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General Fiction Review    

 
 

The Stone Flower Garden
By Deborah Smith
Little, Brown and Company, 2002
ISBN: 0-316-80094-5

 

 
 

Set in a small town near Ashville, North Carolina, The Stone Flower Garden explores three generations of two intertwined families burying their secrets. 

Darl Union's grandmother owns everything, and by implication, everybody, in her hometown of Burnt Stand. There may be questions as to how Darl's great-grandmother came to own the Hardigee Marble Company but she insisted that her daughters act like ladies. At ten, Darl doesn't want to act like a lady or be treated differently because her family has money. She wants the freedom to spend time with Karen, the daughter of the family's maid, and Eli Wade, the son of the head stonecutter at the quarry.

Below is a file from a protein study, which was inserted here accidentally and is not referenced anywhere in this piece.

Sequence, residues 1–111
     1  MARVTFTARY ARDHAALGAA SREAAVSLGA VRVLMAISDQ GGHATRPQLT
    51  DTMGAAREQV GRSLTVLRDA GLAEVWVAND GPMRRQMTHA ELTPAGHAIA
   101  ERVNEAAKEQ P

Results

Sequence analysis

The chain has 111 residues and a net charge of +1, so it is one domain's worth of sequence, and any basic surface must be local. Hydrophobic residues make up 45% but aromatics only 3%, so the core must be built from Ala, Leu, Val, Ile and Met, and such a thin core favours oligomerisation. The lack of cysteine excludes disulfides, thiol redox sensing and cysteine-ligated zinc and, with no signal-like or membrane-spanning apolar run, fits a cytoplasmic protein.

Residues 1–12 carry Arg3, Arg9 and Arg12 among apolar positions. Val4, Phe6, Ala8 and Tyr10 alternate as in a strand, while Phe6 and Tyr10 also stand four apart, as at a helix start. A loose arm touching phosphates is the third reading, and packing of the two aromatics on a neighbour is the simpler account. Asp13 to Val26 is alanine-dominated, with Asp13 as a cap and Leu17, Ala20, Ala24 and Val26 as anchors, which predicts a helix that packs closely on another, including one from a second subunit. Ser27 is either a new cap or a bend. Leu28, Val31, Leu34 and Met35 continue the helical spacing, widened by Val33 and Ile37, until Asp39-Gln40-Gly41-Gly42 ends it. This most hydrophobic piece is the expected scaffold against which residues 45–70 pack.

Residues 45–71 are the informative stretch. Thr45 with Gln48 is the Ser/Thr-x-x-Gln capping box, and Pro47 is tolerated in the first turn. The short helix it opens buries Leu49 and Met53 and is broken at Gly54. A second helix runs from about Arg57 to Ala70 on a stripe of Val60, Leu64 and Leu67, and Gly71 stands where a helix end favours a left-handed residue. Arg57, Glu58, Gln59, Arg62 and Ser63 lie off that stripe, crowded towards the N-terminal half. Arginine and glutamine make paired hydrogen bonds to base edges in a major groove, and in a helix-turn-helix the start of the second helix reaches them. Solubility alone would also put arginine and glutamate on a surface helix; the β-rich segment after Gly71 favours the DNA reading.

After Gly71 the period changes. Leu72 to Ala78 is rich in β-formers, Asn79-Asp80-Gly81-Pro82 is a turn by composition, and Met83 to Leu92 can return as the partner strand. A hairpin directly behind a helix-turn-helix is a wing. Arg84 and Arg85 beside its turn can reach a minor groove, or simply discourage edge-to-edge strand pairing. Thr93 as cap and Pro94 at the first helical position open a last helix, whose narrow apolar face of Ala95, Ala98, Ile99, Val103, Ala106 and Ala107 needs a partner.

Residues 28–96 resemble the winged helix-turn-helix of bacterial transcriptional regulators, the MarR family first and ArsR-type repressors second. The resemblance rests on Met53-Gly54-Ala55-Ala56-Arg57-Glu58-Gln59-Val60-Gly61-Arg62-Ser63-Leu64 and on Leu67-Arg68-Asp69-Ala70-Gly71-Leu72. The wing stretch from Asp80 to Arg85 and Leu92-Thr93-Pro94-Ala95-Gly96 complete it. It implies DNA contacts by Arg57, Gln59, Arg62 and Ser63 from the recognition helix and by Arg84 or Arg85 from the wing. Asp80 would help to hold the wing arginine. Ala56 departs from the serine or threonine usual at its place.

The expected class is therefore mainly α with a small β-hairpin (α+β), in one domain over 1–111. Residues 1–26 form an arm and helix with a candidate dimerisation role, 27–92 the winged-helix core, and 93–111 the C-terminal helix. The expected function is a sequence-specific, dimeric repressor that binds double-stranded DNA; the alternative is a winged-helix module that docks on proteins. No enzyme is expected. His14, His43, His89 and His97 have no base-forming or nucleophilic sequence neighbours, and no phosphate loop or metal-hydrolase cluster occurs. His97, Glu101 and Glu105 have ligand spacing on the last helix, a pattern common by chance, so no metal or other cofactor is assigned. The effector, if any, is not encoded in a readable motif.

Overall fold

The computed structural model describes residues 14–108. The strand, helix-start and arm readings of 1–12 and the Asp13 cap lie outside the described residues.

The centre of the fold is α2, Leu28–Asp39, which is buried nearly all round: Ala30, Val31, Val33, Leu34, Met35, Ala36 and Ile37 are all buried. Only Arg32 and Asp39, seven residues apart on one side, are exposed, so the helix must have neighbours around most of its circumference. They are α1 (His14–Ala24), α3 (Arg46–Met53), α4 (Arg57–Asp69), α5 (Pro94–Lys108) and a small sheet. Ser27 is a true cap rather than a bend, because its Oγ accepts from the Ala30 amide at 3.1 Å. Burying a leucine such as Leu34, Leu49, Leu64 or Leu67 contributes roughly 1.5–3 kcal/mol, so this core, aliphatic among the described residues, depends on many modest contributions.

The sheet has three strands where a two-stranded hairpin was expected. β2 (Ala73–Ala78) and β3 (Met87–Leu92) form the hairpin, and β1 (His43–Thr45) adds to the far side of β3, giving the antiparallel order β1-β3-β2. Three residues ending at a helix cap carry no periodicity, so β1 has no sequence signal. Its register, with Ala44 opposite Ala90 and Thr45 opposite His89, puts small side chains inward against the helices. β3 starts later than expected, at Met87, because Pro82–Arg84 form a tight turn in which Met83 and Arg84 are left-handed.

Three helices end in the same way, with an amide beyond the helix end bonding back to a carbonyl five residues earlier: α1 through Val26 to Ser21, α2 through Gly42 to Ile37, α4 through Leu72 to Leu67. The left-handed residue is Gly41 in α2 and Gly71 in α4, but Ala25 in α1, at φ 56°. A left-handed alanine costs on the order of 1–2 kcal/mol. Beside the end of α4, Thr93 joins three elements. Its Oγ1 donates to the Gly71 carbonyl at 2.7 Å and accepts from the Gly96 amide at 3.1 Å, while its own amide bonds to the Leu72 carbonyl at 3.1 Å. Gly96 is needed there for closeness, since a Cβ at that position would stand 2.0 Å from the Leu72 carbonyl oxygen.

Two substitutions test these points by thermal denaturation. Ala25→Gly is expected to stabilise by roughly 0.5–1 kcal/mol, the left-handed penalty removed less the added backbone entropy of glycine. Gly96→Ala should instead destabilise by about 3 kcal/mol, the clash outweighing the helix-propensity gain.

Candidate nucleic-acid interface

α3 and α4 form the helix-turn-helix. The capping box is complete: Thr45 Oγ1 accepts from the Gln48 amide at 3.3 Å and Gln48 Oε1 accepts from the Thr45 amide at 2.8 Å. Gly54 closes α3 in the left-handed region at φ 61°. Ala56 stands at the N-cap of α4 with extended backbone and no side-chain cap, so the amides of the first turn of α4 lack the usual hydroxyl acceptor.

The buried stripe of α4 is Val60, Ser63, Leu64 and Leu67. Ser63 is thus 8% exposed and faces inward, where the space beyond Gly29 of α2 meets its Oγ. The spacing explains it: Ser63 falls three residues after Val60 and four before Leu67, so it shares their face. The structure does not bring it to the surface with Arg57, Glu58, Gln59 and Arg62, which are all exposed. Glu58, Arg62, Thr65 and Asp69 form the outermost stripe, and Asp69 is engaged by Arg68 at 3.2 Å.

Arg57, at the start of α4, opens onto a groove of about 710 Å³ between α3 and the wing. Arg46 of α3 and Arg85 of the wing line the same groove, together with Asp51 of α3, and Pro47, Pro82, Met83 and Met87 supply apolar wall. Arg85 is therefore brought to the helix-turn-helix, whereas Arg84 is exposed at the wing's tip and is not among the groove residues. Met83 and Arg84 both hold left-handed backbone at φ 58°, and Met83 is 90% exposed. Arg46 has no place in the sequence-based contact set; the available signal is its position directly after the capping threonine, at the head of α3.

Eli's family, banished for a generation after rumors of an unsuitable romantic dalliance with the quarry owner's daughter, has returned to town. His father, who has fought hard to reestablish the family's good reputation, was recently named as the company's manager and is raising some eyebrows by treating the blacks in his employ equally. 

When Darl's Aunt Clara returns to Burnt Stand after years in exile, she reopens old wounds, revives old rumors, and splits her own family while destroying the Wade family's tentative foothold in the middle class. 

In The Stone Flower Garden four generations of Wade men and Hardigee women repeat mistakes and destiny until, as adults, Eli and Darl unearth the truth. A story about class distinctions and great love, Deborah Smith has written a richly textured Southern Gothic novel destined to be a best-seller.

 

Pam Kingsbury
Southern Scribe Review

2002 Southern Scribe Reviews, All Rights Reserved